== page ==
Emergency Room Error

When you come to an emergency room, you are in urgent need of medical care. You trust that the doctors and nurses who tend to you will properly assess your situation and ensure you receive the care you need to recover. Mistakes in the emergency room can result in serious harm or kill patients.

Despite the high stakes of an emergency room environment, mistakes such as misdiagnosis are not uncommon. They can start as soon as you walk in the door and meet with a triage nurse or after meeting with the doctor. One of the chief causes of emergency room errors are inadequate staffing and pressure to move people through. The patients are the ones who pay the price.

Types Of Emergency Room Errors

There are many ways that medical mistakes or medical malpractice may occur in an emergency room. They include:

  • Misdiagnosis and delayed diagnosis — Failing to adequately assess a patient, discounting symptoms, ignoring indications and laboratory errors are the most common mistakes made in emergency rooms.
  • Prescription and medication errors — Administering the incorrect medication and incorrect dosages of medications are major problems in emergency rooms.
  • Exposing patients to infections — Hospitals are supposed to be sanitary, but failure to adequately clean rooms and poor sanitation of workers can lead to the needless spread of infection.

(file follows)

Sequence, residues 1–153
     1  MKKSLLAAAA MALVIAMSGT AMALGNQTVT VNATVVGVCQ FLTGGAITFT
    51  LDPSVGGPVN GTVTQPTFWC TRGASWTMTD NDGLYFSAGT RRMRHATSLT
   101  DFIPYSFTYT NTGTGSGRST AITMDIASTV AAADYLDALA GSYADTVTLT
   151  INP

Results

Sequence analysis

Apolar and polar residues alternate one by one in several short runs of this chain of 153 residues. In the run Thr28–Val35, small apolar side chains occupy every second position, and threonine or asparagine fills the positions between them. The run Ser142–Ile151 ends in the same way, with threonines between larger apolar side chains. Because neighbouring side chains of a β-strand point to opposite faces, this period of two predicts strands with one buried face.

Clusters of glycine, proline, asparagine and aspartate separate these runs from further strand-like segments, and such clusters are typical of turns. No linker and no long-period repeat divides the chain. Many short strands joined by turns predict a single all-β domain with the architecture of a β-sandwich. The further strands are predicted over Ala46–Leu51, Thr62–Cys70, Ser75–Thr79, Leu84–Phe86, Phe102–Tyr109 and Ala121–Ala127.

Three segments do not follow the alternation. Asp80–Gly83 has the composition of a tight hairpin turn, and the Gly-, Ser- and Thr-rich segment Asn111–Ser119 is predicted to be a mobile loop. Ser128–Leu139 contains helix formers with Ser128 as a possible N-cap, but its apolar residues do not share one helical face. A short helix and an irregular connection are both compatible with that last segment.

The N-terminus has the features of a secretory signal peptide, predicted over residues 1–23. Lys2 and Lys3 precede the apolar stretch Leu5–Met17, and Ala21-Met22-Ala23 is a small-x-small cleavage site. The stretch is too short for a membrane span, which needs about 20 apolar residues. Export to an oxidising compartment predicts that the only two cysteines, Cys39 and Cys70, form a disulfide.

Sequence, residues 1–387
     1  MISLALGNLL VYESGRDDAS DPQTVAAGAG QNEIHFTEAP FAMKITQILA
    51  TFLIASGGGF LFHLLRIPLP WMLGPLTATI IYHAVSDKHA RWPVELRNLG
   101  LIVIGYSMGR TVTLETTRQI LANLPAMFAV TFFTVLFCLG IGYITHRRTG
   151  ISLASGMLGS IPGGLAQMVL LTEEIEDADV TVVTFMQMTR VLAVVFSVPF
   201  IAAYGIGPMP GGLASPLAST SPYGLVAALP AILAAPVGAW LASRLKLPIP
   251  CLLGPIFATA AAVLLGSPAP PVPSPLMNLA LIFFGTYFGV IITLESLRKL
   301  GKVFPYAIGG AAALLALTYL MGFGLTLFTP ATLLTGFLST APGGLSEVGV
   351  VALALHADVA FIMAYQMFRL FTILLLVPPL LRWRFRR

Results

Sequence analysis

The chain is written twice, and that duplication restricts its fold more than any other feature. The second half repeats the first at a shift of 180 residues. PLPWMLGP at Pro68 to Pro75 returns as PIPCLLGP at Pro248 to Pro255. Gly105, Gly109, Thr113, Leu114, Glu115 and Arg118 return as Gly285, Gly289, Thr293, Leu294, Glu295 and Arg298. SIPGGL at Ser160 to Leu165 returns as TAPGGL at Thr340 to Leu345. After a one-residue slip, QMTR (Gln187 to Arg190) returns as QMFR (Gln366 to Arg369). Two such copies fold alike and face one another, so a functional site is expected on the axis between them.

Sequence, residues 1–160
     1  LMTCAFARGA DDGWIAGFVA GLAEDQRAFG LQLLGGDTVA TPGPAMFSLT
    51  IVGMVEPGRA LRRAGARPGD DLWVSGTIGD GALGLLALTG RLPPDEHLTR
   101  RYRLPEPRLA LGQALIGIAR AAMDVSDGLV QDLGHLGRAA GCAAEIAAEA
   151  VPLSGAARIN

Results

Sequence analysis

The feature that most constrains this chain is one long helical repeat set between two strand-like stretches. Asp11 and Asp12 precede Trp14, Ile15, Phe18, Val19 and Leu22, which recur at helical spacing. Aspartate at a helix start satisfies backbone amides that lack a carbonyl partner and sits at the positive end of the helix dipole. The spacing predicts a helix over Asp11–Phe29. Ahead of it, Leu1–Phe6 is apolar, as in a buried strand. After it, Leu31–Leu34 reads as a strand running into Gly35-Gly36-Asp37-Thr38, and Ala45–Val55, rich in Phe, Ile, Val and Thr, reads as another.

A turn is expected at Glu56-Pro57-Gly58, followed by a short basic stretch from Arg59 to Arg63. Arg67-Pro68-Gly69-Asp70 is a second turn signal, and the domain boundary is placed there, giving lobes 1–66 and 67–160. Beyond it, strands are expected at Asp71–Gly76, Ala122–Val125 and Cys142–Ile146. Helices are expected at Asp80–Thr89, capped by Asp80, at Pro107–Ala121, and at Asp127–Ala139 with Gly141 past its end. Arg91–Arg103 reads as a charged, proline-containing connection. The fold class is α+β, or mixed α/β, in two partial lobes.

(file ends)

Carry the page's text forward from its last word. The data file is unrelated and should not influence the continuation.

• Patient dumping — Financial and insurance considerations have resulted in patients being released before being adequately diagnosed/treated.

If you were injured in an emergency room by the negligence of the medical staff, talk to an attorney at Martin & Jones. Schedule a complimentary consultation by calling 919-821-0005.


(Cases and matters referenced do not represent our entire record. Each case is unique and must be evaluated on its own merits. The outcome of a particular case cannot be predicated upon a lawyer’s or a law firm’s past results. Unless otherwise specified, each of the following matters was contested on liability and/or damages, the opposing parties were represented, the matters involved complex legal and/or factual issues, and the law firm was successful in collecting the amounts stated. Case summaries are from 2000 through the present.)


A 2-year-old girl was treated at an emergency department for high fever and rash. The little girl was sent home without ever seeing a doctor, and two days later she developed full-blown Rocky Mountain Spotted Fever and as a result suffered permanent, severe brain damage.